This page deals with digital still cameras that are not SLR or digital Camcorders. CCTV cameras are dealt with on other pages and are very straight forward. Taking photographs with a microscope and a digital still camera or camcorder is not quite as straight forward as with a standard 35mm SLR camera. Digital SLR cameras are used in exactly the same way as film SLR cameras for photomicrography.
Most compact digital still cameras have fixed lens systems which cannot be removed. Normally when taking standard photographs with a microscope, the lens system of the SLR is removed and only the camera back is used, this is because the microscope becomes the lens system of the camera. The majority of compact digital cameras and camcorders have lens systems that cannot be removed.
Brunel Microscopes has developed its own universal non SLR digital camera adapter - the UNILINK
The Unilink will fit most cameras. Those that do not have a screw thread on the lens system will need an additional accessory - the LINKARM
The fact that the lens system cannot be removed makes it more difficult to attach the camera itself physically to the microscope. However some digital cameras - such as the Nikon Coolpix (990, 995, 4500) or the Olympus 4040, and most camcorders have a screw thread in the lens housing which can be used to directly attach an adapter via a coupling ring. Others such as the OlympusSP350 have a screw thread used for adapters at the base of the telescopic lens. In general cameras that have a screw or bayonet thread related to the lens can be satisfactorily attached to the Unilink via step rings or adapters.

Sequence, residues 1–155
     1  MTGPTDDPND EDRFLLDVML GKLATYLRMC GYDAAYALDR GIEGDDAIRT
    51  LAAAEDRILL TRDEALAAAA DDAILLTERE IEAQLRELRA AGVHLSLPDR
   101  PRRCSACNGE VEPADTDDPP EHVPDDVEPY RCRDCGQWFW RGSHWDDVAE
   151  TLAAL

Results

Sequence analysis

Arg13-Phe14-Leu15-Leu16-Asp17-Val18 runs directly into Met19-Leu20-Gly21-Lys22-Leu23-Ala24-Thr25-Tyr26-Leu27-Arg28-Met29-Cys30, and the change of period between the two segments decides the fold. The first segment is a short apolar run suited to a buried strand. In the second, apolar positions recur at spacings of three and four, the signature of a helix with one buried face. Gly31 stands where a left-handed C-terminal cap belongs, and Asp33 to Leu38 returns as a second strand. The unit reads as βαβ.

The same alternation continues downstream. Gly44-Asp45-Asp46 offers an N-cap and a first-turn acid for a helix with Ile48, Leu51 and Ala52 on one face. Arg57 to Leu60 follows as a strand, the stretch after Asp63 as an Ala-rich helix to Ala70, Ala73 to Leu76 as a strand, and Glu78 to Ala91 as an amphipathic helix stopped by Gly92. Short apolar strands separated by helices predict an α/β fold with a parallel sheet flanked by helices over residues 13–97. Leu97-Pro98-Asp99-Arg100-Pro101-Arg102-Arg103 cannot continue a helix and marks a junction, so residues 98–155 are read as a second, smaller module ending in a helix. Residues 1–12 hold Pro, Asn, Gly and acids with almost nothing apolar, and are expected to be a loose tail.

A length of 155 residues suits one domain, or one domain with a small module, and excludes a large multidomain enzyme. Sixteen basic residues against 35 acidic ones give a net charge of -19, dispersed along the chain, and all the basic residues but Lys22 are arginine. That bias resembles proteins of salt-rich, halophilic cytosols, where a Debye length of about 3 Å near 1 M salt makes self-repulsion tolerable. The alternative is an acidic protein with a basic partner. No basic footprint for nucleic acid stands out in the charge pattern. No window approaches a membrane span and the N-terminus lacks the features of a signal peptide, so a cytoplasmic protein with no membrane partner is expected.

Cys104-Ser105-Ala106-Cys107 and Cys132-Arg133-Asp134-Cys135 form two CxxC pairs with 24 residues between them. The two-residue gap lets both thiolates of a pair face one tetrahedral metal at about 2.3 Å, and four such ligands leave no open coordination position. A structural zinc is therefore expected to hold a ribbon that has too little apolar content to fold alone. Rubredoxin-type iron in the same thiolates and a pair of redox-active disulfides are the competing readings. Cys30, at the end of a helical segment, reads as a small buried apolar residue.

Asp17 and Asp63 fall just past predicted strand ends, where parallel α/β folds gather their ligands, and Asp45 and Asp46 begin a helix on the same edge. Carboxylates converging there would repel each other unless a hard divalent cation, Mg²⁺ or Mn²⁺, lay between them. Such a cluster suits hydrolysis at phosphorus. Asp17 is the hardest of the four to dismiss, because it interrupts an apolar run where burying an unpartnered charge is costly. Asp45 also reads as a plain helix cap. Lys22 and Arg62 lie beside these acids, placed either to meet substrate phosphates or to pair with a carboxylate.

Almost all of the current models have telescopic lenses, and those with screw threads at the base require an adapter tube that allows space for the zoom before being attached to the Unilink. Unfortunately models change very rapidly and it is difficult to keep up with model design change, particularly as cameras are getting smaller and smaller. Those cameras/camcorders without an integral screw thread can be attached using a device which uses the camera tripod bush to allow it to simply “look” down the eyepiece - the Linkarm.
If you intend to buy a digital camera just for photomicrography, then either telephone for advice (+44(0)1249 462655)or have a look on our current recommendations page.
If you already have a digital camera and you are not sure if it would be suitable, look on our microscopy imaging website, were most of the main models are listed. If your particular model is not featured then please telephone for advice. Alternatively browse our website dedicated to microscopy imaging - URL below.
The diameter of the camera lens can be a major factor in defining its suitability for digital photomicrography. Some older cameras for example Fuji models have lens diameters of 55mm and above. These are really just two wide and even though they can be physically attached to the Unilink, the results are poor with much vignetting. Similarly some of the very small cameras with unusual shaped small lenses can give poor results. A good test is to place the lens of your camera against one of the eyepieces of the microscope to see the quality of image produced. It will be necessary to use the camera zoom controls in order to completely fill the field of view.